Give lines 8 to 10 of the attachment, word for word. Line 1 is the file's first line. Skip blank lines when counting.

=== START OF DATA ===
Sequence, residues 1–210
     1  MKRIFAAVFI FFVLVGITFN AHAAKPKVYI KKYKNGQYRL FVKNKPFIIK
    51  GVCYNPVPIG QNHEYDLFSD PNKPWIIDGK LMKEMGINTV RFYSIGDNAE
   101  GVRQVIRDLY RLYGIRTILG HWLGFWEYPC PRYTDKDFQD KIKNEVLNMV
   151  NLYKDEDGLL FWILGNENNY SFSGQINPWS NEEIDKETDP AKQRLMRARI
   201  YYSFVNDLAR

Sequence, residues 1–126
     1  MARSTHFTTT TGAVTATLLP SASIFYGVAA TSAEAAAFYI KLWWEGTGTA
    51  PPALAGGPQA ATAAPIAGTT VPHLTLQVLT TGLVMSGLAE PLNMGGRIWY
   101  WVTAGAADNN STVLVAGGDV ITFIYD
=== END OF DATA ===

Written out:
     1  MARSTHFTTT TGAVTATLLP SASIFYGVAA TSAEAAAFYI KLWWEGTGTA
    51  PPALAGGPQA ATAAPIAGTT VPHLTLQVLT TGLVMSGLAE PLNMGGRIWY
   101  WVTAGAADNN STVLVAGGDV ITFIYD